I knew (guessed) my upper control arm bushing was shot because whenever I would drive over speed bumps or potholes, the right side front end would make a clunking noise.
Upon inspection on the right side, the tie rod ends and ball joints looked good. However, high up in the wheel well and pinched by a cavity in the wheel well, I could see that a rubber bushing had popped out of what turns out to be the upper control rod.
1. After identifying the bushing is the issue, jack the right front wheel from the frame, either with the jack that came with the car (if able) or a hydraulic floor jack.
2. Remove the right front wheel.
4. Remove the nut holding the lower arm to the Ball Joint on the bottom of the Control Arm.
8. In the engine compartment, look for the bolt and nut holding the control arm to the fender well. Look on either side of the battery tray brace. The bolt head will most likely be on the battery side and the nut will be toward front of car. Remove nut and bolt. The bolt is about 4 inches long and wiring harness below battery may interfere with the bolt coming out.
9. You should now be able to remove the control arm.
11. Remove the protective cover from the ball joint end of the control arm.
12. Install one of the torsion bar control arm bushings on the torsion bar.
13. Raise the control arm up to the gap in the inner fender well with the ball joint facing down and pointing out while aligning the large hole with the torsion bar.
14. Align the hole of the upper bushing with the mount hole in the engine compartment. If they are a bit off while holding the control arm in place, maneuver the bushing hole with a screw driver or punch until it looks close enough to push the bolt in place.
15. Even though the bolt was originally installed from the battery side, I reinstalled the bolt from the front and placed the nut on the back.
16. Snug the nut for now.
17. Now, with the right frame of the car resting on a jackstand, use your jack with about a foot and a half 4×4 standing on the jack pad. This should be long enough to push up on the torsion bar to be aligned straight with the control arm/torsion bar rubber bushings. If you don’t do this, the forward bushing will most likely get pinched by the retaining washer.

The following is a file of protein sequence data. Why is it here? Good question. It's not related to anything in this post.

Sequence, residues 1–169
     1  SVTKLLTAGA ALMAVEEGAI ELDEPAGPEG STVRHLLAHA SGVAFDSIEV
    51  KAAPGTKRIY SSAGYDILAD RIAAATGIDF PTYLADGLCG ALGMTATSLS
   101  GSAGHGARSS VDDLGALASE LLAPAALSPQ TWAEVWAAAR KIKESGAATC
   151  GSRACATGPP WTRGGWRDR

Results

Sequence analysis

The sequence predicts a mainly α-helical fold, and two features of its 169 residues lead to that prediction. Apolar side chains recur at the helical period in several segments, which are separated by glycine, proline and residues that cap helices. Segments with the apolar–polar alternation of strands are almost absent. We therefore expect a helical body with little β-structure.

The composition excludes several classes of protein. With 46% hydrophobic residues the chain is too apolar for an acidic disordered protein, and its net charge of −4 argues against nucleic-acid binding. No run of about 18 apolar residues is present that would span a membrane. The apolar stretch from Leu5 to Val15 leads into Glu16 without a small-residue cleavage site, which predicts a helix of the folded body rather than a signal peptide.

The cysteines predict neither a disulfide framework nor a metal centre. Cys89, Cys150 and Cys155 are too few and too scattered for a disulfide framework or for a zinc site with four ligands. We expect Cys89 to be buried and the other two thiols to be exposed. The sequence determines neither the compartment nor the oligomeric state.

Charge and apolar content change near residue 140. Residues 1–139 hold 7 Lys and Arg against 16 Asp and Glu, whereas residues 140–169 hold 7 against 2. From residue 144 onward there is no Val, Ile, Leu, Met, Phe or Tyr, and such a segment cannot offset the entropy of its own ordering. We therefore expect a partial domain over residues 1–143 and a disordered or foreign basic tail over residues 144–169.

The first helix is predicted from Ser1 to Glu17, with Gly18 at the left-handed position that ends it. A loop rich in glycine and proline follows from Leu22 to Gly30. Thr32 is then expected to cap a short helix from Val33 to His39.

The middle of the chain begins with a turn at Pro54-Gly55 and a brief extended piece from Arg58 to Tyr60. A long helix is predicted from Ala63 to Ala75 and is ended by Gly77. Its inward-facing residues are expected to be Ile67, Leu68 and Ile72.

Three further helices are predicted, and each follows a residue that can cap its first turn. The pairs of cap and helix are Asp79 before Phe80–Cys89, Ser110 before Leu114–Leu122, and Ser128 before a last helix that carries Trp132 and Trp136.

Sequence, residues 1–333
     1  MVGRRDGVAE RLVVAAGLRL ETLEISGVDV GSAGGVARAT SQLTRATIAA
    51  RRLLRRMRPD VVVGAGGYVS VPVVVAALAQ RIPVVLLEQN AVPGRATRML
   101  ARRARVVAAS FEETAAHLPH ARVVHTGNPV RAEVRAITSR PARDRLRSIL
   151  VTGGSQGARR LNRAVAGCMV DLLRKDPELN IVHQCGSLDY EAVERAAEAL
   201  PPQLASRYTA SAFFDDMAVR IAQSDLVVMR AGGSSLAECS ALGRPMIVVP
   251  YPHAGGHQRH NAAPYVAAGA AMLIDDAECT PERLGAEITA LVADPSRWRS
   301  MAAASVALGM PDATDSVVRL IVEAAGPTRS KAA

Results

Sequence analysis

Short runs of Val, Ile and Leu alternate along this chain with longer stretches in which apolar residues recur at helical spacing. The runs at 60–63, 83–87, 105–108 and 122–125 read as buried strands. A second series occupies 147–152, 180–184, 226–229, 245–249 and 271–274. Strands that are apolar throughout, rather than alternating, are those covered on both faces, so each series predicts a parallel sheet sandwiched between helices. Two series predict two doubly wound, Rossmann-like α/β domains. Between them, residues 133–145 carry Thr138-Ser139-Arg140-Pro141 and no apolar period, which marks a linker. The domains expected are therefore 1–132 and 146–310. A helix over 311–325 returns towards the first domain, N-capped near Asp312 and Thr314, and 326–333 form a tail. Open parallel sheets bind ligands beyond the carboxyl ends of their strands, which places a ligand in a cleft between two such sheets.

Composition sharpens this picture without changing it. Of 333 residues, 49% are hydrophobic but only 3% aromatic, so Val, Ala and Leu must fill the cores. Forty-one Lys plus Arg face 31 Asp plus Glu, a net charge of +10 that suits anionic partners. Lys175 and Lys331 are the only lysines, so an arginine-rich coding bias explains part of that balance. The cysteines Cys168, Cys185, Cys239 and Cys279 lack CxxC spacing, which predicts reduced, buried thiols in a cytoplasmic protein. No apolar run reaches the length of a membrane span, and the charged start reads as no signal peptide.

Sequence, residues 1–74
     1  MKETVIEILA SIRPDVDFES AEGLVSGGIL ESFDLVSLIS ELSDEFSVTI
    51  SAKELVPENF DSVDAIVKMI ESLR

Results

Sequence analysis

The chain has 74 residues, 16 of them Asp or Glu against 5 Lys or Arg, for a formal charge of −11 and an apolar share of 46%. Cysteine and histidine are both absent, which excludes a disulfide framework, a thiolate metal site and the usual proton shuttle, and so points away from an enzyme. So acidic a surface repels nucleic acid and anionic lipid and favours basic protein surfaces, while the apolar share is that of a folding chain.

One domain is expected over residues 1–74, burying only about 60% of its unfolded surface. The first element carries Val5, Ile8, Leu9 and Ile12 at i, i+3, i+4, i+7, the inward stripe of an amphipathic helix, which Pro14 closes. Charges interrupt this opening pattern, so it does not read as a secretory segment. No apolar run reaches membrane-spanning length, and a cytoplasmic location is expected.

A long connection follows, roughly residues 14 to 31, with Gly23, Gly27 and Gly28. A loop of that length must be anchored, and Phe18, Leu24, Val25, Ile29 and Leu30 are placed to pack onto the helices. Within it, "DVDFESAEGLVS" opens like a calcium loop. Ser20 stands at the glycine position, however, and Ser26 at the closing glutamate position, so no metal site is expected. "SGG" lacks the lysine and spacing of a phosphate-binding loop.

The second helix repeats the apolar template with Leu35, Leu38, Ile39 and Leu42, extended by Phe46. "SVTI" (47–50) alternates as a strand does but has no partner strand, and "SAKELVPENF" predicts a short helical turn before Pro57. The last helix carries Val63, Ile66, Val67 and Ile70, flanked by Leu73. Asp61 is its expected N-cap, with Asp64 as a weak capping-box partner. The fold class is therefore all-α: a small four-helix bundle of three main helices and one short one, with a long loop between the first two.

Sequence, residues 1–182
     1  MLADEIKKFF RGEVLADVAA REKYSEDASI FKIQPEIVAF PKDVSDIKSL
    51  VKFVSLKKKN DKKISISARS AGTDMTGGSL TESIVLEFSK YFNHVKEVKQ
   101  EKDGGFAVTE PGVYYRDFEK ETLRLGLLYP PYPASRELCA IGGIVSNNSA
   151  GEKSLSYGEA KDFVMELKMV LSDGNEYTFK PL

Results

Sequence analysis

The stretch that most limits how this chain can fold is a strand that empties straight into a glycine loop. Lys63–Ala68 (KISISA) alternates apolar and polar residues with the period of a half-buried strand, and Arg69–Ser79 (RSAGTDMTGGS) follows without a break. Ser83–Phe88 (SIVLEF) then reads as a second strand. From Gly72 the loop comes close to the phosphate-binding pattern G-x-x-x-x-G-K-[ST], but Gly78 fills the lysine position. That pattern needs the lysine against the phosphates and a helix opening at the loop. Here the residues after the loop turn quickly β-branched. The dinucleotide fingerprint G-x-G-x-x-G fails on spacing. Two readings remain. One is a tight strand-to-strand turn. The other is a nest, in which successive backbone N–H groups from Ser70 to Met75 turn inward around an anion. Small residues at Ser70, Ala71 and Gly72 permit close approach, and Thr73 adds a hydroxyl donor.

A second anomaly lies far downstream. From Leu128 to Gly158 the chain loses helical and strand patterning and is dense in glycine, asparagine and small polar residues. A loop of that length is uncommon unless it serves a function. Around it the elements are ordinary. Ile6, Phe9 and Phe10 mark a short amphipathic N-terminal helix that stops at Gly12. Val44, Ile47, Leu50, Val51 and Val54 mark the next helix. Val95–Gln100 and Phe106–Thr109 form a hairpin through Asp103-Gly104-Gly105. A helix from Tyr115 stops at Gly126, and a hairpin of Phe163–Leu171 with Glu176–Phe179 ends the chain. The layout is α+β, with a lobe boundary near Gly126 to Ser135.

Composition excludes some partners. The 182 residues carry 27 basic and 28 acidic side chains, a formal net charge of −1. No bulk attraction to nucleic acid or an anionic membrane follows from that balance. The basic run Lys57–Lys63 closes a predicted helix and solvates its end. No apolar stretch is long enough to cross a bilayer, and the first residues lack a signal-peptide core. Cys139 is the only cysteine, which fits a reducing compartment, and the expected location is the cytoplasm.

18. Now place the forward torsion bar control arm bushing on the torsion bar. The control arm should now be sandwiched by the two rubber bushings.
19. Place the large bushing retainer, then the smaller washer (the smaller one should fit perfectly against the larger one) on the torsion bar and start threading the bolt in the end of the torsion bar. Again, just snug the bolt. We will make final torque on all bolts and nuts after we have them all started.
20. Now you can lower the jack. Try to aim the ball joint stud into the lower arm mount hole. It should drop down far enough to get the nut started. Go ahead and torque the nut on to the ball joint stud. It will look like it does not get tight enough or is missing a washer, but that is ok. This is normal as the stud is tapered. This is the reason you have to use the pickle fork to separate the ball joint and lower arm (and tie rod ends for that matter).
21. Make final torque on the torsion bar bolt and then the upper mount bolt and nut.
22. Reinstall the wheel and air cleaner and you are done.
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